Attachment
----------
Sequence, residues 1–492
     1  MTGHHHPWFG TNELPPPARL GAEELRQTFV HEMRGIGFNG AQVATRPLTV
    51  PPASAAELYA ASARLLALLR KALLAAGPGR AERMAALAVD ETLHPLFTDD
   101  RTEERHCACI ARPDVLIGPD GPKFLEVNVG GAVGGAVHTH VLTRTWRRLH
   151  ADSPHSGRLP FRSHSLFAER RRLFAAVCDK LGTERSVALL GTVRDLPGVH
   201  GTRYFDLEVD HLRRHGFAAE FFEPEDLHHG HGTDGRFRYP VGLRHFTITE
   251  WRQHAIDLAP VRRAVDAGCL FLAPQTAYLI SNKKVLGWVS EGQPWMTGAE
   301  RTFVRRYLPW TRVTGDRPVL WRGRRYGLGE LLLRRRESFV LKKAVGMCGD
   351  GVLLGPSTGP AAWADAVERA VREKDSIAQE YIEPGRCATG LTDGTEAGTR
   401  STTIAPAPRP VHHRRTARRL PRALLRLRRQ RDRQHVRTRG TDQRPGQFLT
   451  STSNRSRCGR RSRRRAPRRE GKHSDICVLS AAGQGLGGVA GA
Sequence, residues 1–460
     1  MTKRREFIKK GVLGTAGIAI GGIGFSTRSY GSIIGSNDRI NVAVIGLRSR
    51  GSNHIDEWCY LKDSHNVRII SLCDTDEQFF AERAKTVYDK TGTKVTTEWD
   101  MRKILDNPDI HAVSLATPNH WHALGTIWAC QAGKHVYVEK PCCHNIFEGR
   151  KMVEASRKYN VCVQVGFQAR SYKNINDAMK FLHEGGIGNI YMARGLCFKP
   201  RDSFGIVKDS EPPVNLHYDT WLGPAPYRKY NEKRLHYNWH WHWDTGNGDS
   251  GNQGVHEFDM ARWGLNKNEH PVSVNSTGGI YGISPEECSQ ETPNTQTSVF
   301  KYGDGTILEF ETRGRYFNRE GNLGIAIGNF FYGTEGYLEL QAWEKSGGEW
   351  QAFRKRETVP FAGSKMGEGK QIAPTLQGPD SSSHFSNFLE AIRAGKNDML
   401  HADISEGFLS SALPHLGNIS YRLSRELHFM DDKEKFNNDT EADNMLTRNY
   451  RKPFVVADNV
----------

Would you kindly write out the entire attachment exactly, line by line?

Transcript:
Sequence, residues 1–492
     1  MTGHHHPWFG TNELPPPARL GAEELRQTFV HEMRGIGFNG AQVATRPLTV
    51  PPASAAELYA ASARLLALLR KALLAAGPGR AERMAALAVD ETLHPLFTDD
   101  RTEERHCACI ARPDVLIGPD GPKFLEVNVG GAVGGAVHTH VLTRTWRRLH
   151  ADSPHSGRLP FRSHSLFAER RRLFAAVCDK LGTERSVALL GTVRDLPGVH
   201  GTRYFDLEVD HLRRHGFAAE FFEPEDLHHG HGTDGRFRYP VGLRHFTITE
   251  WRQHAIDLAP VRRAVDAGCL FLAPQTAYLI SNKKVLGWVS EGQPWMTGAE
   301  RTFVRRYLPW TRVTGDRPVL WRGRRYGLGE LLLRRRESFV LKKAVGMCGD
   351  GVLLGPSTGP AAWADAVERA VREKDSIAQE YIEPGRCATG LTDGTEAGTR
   401  STTIAPAPRP VHHRRTARRL PRALLRLRRQ RDRQHVRTRG TDQRPGQFLT
   451  STSNRSRCGR RSRRRAPRRE GKHSDICVLS AAGQGLGGVA GA
Sequence, residues 1–460
     1  MTKRREFIKK GVLGTAGIAI GGIGFSTRSY GSIIGSNDRI NVAVIGLRSR
    51  GSNHIDEWCY LKDSHNVRII SLCDTDEQFF AERAKTVYDK TGTKVTTEWD
   101  MRKILDNPDI HAVSLATPNH WHALGTIWAC QAGKHVYVEK PCCHNIFEGR
   151  KMVEASRKYN VCVQVGFQAR SYKNINDAMK FLHEGGIGNI YMARGLCFKP
   201  RDSFGIVKDS EPPVNLHYDT WLGPAPYRKY NEKRLHYNWH WHWDTGNGDS
   251  GNQGVHEFDM ARWGLNKNEH PVSVNSTGGI YGISPEECSQ ETPNTQTSVF
   301  KYGDGTILEF ETRGRYFNRE GNLGIAIGNF FYGTEGYLEL QAWEKSGGEW
   351  QAFRKRETVP FAGSKMGEGK QIAPTLQGPD SSSHFSNFLE AIRAGKNDML
   401  HADISEGFLS SALPHLGNIS YRLSRELHFM DDKEKFNNDT EADNMLTRNY
   451  RKPFVVADNV